Tuesday, June 23, 2020

Six of the Best 937

Nick Barlow looks at the Liberal Democrats and 'equidistance': "The Liberal Democrats of 2020 are in the same position with regard to the election of 2024 (or whenever) and I can’t foresee a situation in which you could credibly claim the Tories of Johnson (or his successor) and Starmer’s Labour are two sides of the same coin."

"For what, in the end, does a social safety net do? It allows us greater control and agency over our lives. It allows us to stay home and take care of our health, rather than go to work in a crowded factory. It allows us to obtain economic freedom from a violent marriage. In doing all these things, it allows human diversity to flourish." Jonathan Cohen says "individual freedom vs public health" is a false dilemma in the Covid-19 era.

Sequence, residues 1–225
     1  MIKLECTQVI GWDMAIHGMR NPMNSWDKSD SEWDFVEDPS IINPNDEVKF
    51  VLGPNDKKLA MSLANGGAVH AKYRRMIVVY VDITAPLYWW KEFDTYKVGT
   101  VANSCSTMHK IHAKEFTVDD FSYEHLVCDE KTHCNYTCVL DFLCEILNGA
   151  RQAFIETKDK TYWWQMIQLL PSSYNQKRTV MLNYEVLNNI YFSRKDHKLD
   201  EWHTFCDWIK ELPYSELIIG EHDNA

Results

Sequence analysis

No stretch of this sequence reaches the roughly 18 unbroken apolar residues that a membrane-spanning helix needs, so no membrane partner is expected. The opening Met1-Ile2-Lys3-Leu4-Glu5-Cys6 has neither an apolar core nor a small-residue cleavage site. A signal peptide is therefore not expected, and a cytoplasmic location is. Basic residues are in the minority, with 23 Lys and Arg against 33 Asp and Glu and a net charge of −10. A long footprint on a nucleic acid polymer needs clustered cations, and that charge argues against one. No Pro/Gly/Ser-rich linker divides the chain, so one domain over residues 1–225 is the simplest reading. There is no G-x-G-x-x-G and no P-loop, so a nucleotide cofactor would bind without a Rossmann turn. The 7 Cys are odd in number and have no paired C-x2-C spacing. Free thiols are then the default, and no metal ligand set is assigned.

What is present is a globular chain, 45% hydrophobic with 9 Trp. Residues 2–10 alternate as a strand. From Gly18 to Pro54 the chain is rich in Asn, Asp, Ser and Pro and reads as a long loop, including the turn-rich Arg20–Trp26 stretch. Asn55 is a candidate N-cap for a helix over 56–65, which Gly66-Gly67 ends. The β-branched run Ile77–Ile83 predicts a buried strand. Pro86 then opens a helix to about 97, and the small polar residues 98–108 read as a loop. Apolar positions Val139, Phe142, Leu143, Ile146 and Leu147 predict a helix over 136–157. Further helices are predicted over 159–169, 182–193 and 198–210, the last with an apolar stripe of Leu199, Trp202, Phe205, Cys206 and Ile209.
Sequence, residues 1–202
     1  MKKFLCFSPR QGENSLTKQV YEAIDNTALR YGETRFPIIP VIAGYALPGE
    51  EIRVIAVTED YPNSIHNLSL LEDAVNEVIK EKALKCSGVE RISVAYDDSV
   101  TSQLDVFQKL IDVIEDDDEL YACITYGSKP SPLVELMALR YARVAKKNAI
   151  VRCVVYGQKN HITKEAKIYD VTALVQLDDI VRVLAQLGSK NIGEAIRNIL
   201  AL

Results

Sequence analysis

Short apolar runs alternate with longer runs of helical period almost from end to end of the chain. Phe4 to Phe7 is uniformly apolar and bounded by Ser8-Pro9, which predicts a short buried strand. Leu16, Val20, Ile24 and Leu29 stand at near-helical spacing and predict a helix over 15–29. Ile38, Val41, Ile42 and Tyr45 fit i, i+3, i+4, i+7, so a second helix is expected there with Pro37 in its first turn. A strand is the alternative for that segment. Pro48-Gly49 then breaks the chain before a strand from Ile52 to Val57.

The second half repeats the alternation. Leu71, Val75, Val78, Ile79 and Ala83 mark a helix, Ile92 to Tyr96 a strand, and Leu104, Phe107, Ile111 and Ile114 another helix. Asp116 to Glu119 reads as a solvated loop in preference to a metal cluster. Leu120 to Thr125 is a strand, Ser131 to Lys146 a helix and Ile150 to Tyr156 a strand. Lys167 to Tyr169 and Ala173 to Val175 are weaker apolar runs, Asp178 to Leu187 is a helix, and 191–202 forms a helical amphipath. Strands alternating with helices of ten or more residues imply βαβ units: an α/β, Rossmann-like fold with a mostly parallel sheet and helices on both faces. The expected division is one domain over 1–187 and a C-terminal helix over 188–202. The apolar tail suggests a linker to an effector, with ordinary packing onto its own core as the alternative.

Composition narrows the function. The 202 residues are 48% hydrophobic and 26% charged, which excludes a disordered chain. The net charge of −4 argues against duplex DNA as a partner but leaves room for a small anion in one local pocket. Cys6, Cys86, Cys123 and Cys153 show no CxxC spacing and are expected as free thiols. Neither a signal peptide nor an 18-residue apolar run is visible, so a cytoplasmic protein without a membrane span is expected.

Lenore Skenazy discusses the importance of play, working through fears, and raising independent kids with the psychologist Peter Gray in the first Supervision Not Required podcast.

"Of all those who sing and have sung the ancient Cotswold tracks, however, no voice is more poignant than the pastoral composer and poet, Ivor Gurney." Anne Louise Avery takes to the Cotswold Way.

"Despite the cumulative formative hours spent muttering and groaning alongside my brothers and sisters, on pavements outside countless cold, dusty and child-unfriendly secondhand bookshops; often peering in through uncleaned windows in forlorn hope of catching sight of Mum or Dad beating a retreat, having at last exhausted their capacity for browsing,  I love second-hand bookshops." Richly Evocative on being the child of two secondhand book dealers.

Jarvis Cocker talks about his new project, why prehistoric cave dwellers were the world's first ravers, and why he's uncomfortable being called a 'National Treasure'.

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